This is something I've struggled with many times. Here are a couple of examples and a few thoughts.
Maria set up her consulting practice seven years ago. Already an acknowledged expert in her field of industrial energy efficiency, with wide ranging high level connections, she is picky about the projects she chooses to work on and turns down as much work as she accepts. Always planning to work on her own, she now employs an admin assistant to field her calls, submit her invoices, maintain her website etc. Commanding a high fee rate and always with a work surplus, she has reached an ideal position that many consultants will never attain.
Julie left her job in middle management with an electric utility and set up her own consulting company eight months ago. Whilst she managed to get a small amount of work from her old employer, she has struggled to get anything else so far. Whilst competent in her line of work, she is not well known even in her field. Her main source of contacts is at the utility she used to work at, which is limited in both scope and range of potential consulting work.
So, first question – are you a Maria or a Julie? If you’re Maria, you can afford plenty of marketing. If you’re Julia, you can’t afford much. But how much can you afford? And can you afford not to spend very much?
Most of us fall somewhere in the middle between Maria and Julie and regular marketing actions are key to keeping the business moving forward, maintaining presence in the marketplace and developing the scope of services. So we market too little at our peril but of course the limit of peril is different depending on the development of the business. Marketing is also difficult because it is usually difficult to extrapolate a direct line between your marketing actions and sales. This means that it is also possible to spend far too much time, effort and money on marketing actions. Or way too little. Maintaining the balance on an ongoing basis that works for you is the ideal. Ok, we all know that, but how much time and how much money?
Let’s look at time first. We all need to make sure the forward-load pipeline has enough in it to keep us going. That generally means proposing work to potential clients and subsequently converting the proposals into work. When we start out, we have to find the potential clients in the first place, and marketing actions make that happen. Of course, there are a multitude of potential actions you can take—and they’ll all take up your time.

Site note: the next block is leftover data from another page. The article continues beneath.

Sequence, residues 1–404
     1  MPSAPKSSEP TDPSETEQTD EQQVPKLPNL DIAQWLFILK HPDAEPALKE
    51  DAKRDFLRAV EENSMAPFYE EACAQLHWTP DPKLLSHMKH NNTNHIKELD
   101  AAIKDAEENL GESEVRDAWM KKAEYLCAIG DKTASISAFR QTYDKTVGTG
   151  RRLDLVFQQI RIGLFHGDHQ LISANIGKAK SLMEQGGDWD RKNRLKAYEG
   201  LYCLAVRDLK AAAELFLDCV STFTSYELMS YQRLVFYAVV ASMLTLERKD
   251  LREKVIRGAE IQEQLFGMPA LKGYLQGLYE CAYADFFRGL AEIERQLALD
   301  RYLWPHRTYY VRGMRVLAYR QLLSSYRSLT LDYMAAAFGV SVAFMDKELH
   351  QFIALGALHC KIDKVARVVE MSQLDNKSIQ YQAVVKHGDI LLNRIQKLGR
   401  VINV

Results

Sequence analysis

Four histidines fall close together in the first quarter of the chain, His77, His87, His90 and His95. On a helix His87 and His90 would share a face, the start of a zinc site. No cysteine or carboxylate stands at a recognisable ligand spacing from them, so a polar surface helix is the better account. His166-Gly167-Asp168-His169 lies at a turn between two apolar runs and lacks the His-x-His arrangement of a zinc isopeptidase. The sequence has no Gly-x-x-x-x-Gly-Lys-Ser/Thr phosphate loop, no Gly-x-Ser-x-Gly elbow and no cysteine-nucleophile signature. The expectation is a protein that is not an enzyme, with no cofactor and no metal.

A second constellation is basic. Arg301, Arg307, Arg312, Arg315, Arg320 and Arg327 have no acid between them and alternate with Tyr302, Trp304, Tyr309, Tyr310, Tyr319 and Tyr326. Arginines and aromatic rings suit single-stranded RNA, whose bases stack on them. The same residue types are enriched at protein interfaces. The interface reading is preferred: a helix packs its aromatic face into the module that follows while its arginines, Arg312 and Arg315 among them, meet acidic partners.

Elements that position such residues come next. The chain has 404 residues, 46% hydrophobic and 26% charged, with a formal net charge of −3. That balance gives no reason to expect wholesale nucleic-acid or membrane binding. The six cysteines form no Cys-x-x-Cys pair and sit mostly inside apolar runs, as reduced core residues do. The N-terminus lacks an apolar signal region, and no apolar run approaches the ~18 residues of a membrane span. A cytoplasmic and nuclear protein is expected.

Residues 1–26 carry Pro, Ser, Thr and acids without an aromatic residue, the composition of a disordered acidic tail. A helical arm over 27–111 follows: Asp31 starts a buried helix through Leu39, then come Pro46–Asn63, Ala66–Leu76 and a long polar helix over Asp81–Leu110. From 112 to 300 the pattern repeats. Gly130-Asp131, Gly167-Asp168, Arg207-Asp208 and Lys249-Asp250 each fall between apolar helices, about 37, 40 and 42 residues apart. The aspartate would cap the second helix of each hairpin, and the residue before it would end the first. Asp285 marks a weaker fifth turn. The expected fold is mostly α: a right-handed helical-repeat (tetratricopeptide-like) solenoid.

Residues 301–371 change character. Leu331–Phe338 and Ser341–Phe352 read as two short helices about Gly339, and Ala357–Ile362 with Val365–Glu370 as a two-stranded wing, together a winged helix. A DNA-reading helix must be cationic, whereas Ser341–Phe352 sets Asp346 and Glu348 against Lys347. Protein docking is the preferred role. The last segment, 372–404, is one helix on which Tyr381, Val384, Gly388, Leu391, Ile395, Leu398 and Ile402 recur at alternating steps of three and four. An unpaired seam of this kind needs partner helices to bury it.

So here’s a rule of thumb that has worked for me: allocate 20 percent of the time to marketing (one day per week) in the first five years of the consulting business. After that, hopefully you’re moving more toward Maria than Julia, so you may be able to ease off.
Okay, so you’ve allocated one day per week, but how much money do you spend? Of course every dollar you spend on marketing is one dollar off your profit margin. How much did you expect to make on an annual basis after you’ve paid out for all your other expenses, like office rent, software, travel costs, and so forth? So, as a rule of thumb, allocate 10 percent of that figure. And see how it goes.
This is a difficult area, and many of you might be rolling your eyes right now, thinking I’ve recommended way too little or way too much. Of course it depends where you are with your business but also what consulting business you’re in. Some require much more in the way of corporate marketing, wining and dining, attendance at trade shows, and so on, than others. You know your business, and if your clients expect bottles of champagne and box seats at the hockey game, a budget of 10 percent probably won’t cut it.
As always, any thoughts and comments greatly appreciated.
As a highly experienced consultant and author of “Consulting Made Easy”, Adrian assists consultants, or would be consultants, to achieve success on their terms in their own consulting businesses. Adrian helps consultants increase their fee rates, find more clients, have more free time and have more fun.
Contact Adrian at email@example.com to learn more.
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